INDIANAPOLIS -- Often criticized by Buffalo Bills fans for his emotionless demeanor, coach Dick Jauron revealed Thursday morning he's not detached from their annoyance with him.
Jauron, at Lucas Oil Stadium for the annual scouting combine, spoke for the first time since the Bills finally acknowledged the three-year contract extension he signed during the season and announced he would be retained.
Neither decision went over well with Bills fans. And the normally stone-faced head coach admitted he's not oblivious to what they think of him.
"I don't know how you do it," Jauron said. "You can't not hear, just like you can't not read negative things that are written. They're written when you lose. The only way to make everybody happy is to win. That's what we all want. We all want the same thing."
The Bills have gone 7-9 in each of their three seasons under Jauron.
"I understand their feelings are negative," he said. "I'm a fan. I certainly have teams I pull for, and the Buffalo Bills are at the top of the list. When we don't win, I'm not particularly happy."
The Bills have missed the playoffs nine straight seasons, and 2008 was the most indigestible of those seasons. They charged to a 5-1 start and looked a surefire playoff team before dropping seven of their next eight and eight of their last 10. Making matters worse, the Bills went 0-6 against the AFC East.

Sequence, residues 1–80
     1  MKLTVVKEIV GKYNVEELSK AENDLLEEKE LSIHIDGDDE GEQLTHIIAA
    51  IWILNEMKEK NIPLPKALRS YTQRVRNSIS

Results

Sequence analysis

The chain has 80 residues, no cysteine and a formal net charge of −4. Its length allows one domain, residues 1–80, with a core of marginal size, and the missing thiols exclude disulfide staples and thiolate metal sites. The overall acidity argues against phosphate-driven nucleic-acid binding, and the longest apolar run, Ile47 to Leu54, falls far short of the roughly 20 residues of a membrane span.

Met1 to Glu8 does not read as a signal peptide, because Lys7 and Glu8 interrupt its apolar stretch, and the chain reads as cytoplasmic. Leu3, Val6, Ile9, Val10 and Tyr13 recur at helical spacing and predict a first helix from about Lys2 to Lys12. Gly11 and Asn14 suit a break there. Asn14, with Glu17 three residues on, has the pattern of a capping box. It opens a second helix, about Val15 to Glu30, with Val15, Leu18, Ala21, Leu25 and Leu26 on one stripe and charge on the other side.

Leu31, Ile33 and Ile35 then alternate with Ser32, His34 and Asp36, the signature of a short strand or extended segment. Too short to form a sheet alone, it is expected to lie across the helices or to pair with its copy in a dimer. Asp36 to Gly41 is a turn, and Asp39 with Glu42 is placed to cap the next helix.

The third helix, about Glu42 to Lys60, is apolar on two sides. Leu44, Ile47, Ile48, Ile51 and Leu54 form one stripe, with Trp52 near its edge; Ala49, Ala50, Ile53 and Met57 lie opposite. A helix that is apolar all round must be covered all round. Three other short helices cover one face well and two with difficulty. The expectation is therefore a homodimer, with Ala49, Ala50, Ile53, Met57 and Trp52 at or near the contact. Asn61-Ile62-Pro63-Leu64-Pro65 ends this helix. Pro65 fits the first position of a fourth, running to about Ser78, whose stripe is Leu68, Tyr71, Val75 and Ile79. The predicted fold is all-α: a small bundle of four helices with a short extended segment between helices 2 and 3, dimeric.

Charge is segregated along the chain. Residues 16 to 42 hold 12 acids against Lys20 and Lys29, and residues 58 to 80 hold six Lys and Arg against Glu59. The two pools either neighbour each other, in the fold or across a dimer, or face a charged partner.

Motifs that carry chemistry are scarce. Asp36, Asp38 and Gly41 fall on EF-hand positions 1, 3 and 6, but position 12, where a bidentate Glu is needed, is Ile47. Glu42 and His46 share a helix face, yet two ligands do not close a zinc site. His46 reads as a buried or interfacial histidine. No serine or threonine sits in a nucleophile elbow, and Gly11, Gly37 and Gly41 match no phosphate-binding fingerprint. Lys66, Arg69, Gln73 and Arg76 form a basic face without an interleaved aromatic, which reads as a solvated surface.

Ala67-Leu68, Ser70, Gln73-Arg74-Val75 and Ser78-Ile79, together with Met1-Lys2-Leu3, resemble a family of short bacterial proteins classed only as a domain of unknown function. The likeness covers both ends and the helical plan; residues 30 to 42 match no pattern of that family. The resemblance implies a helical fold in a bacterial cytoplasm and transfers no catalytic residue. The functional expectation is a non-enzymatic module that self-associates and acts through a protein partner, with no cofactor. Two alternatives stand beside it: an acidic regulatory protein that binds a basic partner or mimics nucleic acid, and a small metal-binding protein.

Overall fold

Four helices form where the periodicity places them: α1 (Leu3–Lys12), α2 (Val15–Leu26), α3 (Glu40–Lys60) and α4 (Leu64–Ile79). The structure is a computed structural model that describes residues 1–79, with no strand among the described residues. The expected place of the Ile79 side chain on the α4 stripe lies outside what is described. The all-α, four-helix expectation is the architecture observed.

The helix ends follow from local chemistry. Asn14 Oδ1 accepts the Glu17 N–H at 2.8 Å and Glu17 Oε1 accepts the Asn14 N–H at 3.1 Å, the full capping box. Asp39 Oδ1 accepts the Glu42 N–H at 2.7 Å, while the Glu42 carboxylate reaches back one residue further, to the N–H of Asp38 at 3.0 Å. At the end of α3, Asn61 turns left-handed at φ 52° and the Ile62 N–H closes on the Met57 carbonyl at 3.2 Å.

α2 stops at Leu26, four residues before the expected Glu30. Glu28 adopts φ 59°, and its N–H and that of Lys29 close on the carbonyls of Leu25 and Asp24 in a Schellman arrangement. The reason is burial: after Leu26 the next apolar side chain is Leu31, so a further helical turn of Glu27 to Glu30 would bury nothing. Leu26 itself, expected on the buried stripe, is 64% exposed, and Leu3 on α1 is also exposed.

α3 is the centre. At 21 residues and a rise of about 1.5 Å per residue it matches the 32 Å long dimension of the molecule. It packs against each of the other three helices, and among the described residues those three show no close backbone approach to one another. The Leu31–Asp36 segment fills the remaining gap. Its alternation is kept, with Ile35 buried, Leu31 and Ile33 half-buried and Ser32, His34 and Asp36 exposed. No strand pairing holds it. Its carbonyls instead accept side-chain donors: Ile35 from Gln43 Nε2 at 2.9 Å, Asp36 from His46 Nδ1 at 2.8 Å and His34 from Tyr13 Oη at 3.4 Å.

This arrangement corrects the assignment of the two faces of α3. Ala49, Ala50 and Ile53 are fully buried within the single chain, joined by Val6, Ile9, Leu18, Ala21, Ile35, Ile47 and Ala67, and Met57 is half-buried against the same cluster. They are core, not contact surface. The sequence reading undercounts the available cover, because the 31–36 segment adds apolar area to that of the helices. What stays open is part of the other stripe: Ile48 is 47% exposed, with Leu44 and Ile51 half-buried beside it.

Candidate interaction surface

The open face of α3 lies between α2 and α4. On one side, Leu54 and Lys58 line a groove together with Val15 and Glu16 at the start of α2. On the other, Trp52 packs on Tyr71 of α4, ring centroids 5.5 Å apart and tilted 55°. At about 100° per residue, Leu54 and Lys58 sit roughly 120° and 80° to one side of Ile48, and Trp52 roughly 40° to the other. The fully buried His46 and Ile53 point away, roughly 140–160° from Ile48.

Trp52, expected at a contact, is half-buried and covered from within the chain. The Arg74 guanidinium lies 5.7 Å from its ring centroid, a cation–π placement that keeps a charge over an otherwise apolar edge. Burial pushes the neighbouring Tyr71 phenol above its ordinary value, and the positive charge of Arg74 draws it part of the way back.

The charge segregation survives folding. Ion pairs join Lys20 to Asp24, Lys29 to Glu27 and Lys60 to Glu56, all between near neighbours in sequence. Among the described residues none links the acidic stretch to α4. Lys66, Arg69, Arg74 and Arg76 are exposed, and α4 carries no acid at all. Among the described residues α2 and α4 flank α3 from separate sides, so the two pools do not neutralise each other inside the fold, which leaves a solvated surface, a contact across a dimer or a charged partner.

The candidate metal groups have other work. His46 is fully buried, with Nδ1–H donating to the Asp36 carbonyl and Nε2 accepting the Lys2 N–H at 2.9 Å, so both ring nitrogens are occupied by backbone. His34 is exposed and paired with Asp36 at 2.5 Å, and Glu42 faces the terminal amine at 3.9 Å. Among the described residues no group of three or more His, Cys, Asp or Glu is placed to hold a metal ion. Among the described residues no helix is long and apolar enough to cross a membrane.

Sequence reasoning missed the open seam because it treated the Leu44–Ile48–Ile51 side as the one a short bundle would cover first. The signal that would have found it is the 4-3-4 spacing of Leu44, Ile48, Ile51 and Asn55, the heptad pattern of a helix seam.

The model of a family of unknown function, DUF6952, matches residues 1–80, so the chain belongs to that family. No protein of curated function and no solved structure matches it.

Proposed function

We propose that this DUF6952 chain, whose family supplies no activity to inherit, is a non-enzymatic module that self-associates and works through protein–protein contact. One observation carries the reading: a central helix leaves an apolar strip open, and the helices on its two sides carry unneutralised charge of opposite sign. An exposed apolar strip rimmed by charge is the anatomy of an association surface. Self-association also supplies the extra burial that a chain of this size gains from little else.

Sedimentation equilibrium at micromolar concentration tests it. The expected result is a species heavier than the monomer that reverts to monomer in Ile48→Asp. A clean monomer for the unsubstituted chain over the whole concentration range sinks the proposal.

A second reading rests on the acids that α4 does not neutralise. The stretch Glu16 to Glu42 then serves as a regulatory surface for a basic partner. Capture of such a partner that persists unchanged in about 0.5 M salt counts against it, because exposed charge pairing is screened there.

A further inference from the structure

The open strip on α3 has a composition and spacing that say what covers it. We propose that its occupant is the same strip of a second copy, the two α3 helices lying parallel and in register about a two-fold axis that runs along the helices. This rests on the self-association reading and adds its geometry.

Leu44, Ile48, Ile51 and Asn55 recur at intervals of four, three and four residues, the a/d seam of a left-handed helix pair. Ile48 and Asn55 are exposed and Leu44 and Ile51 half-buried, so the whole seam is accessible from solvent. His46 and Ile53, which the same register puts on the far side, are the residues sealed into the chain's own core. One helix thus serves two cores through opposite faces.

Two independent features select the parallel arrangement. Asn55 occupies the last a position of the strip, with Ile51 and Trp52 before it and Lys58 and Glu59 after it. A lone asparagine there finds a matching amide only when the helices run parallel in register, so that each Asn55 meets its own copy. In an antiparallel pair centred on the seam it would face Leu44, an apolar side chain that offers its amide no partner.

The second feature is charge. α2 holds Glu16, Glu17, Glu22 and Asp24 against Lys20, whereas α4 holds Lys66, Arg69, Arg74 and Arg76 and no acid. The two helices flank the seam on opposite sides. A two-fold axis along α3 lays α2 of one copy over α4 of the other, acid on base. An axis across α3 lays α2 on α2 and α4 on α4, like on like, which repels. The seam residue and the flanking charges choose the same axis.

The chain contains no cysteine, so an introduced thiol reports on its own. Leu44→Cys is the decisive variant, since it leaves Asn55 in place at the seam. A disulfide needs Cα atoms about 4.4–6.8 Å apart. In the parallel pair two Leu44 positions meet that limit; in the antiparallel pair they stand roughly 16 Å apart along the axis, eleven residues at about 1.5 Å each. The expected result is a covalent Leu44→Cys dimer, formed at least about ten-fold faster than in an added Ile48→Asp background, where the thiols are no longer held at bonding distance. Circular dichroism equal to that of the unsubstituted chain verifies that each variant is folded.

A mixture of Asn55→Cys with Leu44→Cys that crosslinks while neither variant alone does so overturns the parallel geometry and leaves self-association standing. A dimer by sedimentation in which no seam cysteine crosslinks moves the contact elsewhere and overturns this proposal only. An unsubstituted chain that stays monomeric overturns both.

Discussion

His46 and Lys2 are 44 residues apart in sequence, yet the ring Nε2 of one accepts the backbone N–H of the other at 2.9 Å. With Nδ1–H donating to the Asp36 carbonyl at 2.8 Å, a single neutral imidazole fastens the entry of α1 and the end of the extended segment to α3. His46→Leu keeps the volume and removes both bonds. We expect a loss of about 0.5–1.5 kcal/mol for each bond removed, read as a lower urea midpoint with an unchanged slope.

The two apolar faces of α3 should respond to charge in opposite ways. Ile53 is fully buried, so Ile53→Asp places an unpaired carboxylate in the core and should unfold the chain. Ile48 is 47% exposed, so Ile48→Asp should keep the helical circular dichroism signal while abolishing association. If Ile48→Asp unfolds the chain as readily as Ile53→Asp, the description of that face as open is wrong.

In ESPN.com's NFL coach approval ratings, Jauron plummeted from a high of 95 percent in October to 8 percent in Week 14. His final rating was 13 percent.
"In 2008, because we got off to such a good start, the expectations were huge," Jauron said. "We just couldn't sustain it."
Jauron came under fire from fans and the media for his in-game decisions, particularly wasting timeouts, not properly managing the clock and always deferring when winning coin flips.
"Clearly, I have to get them better prepared and make some better game-time decisions," Jauron said.
Asked to elaborate, he added, "As a coaching staff, we have to get more efficient in terms of our communication. ... Game-time decisions, whenever they don't work, they're the wrong decision. You'd like to have them work. Hopefully, the ball will bounce our way a little more often."
Tim Graham covers the AFC East for ESPN.com.